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  • #31
    Originally posted by CordMcNally View Post

    Medicine can be a bit unusual as income doesn’t always grow with time. Some docs make the most fresh out of residency when they’re hungry end working more.
    Medscape salary survey seems to disagree (agree) with your (my) point.

    Overall, the compensation spreads between younger physicians and older ones were more pronounced in the specialties than in primary care. Average compensation for specialists age 40 and younger was $281,000, compared to $353,000 for physicians aged 40 to 69. In primary care, older physicians’ average compensation was $236,000, compared to $204,000 for younger ones.
    https://www.nejmcareercenter.org/min...-report-revea/

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    • #32
      Originally posted by Turf Doc View Post

      Even if not in real terms won’t the income increase purely due to inflation? Old mama salaries from like 10 years ago are a good amount lower. But the mortgage stays the same…
      You think CMS and insurance companies give you increased reimbursements based on inflation? Their goal is to reimburse you less each year.

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      • #33
        Originally posted by Goje View Post

        Medscape salary survey seems to disagree (agree) with your (my) point.



        https://www.nejmcareercenter.org/min...-report-revea/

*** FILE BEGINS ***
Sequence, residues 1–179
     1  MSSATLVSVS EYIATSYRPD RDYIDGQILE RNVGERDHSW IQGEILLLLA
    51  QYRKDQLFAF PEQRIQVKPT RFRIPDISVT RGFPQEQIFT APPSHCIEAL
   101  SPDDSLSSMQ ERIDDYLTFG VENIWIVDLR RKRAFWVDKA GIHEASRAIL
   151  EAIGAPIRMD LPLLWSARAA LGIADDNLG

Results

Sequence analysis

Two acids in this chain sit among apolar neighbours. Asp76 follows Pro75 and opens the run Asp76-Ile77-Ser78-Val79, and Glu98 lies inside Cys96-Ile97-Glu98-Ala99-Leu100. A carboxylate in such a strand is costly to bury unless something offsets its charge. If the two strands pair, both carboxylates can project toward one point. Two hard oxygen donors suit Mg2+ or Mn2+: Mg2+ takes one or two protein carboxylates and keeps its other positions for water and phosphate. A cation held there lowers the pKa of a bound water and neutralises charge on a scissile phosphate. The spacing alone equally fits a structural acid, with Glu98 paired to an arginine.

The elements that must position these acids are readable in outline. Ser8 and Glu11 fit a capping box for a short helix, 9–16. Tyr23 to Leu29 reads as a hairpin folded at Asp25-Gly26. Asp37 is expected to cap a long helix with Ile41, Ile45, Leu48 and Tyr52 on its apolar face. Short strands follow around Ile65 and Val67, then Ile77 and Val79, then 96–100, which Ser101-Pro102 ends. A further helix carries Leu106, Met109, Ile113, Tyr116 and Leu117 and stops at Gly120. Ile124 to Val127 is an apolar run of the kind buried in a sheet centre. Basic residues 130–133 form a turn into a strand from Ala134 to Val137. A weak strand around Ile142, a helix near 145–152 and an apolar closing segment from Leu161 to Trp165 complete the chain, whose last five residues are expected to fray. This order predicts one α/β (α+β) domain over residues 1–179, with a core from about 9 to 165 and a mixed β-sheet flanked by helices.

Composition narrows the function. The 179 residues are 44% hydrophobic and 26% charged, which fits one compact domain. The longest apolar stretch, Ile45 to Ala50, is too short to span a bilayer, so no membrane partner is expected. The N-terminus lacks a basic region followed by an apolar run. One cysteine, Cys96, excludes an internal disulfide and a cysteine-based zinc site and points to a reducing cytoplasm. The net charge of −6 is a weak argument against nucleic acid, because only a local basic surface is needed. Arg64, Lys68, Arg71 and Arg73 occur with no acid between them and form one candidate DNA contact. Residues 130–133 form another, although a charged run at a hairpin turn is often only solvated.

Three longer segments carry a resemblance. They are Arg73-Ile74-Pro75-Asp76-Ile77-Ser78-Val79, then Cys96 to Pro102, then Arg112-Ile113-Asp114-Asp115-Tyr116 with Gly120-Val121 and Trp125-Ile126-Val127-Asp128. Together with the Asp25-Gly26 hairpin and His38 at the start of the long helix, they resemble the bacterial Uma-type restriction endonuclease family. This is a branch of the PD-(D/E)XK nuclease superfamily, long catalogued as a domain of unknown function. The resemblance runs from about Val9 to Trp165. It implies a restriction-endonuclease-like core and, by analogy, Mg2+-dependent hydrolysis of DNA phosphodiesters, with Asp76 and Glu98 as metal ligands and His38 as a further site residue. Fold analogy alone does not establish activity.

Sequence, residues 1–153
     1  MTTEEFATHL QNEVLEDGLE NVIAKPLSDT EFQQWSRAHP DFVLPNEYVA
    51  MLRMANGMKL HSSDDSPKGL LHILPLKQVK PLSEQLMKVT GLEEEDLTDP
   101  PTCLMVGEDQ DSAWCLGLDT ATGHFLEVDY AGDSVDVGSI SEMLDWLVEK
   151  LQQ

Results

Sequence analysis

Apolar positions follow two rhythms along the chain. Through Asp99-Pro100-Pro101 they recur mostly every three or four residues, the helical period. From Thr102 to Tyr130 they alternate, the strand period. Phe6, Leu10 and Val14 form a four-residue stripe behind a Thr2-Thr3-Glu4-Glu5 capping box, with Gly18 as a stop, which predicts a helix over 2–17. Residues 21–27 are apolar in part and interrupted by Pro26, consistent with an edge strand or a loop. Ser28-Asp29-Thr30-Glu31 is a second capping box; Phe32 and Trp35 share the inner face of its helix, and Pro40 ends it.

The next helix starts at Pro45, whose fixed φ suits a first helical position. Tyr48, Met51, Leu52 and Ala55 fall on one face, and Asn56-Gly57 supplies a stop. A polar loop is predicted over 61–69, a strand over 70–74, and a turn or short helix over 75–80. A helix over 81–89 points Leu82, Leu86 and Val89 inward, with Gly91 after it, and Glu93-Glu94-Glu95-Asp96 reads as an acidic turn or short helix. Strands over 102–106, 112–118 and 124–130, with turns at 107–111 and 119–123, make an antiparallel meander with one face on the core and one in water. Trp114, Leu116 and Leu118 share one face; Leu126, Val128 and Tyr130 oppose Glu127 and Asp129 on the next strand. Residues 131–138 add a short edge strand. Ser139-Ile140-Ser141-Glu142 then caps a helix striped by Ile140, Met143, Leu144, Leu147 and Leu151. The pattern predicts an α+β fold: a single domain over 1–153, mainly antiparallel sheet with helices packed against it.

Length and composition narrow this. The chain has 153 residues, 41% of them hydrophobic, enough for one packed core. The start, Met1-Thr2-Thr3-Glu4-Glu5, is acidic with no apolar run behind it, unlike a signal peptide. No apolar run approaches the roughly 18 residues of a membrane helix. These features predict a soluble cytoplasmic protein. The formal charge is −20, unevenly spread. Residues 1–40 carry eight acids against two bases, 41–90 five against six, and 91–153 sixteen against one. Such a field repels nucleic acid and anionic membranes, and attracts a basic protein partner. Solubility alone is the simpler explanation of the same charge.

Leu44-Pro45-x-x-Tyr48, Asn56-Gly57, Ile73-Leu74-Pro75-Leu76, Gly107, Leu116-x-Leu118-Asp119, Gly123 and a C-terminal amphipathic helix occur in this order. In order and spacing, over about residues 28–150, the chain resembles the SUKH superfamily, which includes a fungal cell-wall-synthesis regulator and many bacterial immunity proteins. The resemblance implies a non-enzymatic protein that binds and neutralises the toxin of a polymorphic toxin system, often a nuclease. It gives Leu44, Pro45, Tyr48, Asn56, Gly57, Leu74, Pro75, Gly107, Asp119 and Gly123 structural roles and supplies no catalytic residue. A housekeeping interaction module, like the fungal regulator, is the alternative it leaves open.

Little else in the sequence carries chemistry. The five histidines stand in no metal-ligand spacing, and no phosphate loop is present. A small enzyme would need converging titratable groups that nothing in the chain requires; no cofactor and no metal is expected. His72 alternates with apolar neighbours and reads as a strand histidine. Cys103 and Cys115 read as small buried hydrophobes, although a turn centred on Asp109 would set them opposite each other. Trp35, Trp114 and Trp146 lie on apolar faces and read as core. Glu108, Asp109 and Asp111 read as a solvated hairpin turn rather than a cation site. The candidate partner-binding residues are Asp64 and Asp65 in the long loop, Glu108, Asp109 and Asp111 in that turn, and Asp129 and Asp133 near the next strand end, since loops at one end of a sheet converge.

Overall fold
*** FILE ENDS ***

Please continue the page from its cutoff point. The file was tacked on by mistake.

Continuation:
As I said, it can be unusual as income doesn't always grow with time. That means that you shouldn't count on it. There isn't as much for career advancement in clinical medicine as there is in other occupations. Many careers require experience to reach certain levels. Once you're an attending physician, there is very little in the way of experience that will increase your clinical income. I'll speak towards EM and when we hire. We don't care if you're fresh out of residency or have been practicing for 20 years, the compensation will be similar.

        Edit: Long story short, a physician shouldn’t stretch their housing budget by banking on future increases in income.

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        • #34
          Originally posted by CordMcNally View Post

          As I said, it can be unusual as income doesn't always grow with time. That means that you shouldn't count on it. There isn't as much for career advancement in clinical medicine as there is in other occupations. Many careers require experience to reach certain levels. Once you're an attending physician, there is very little in the way of experience that will increase your clinical income. I'll speak towards EM and when we hire. We don't care if you're fresh out of residency or have been practicing for 20 years, the compensation will be similar.

          Edit: Long story short, a physician shouldn’t stretch their housing budget by banking on future increases in income.
          I agree and with the use of midlevels that seems to be increasing at warp speed it would make me more cautious as a new doc starting out. Not saying physicians won't always be needed and valued but supply vs demand plays a large part in opportunities and compensation.

          Comment


          • #35
            Originally posted by CordMcNally View Post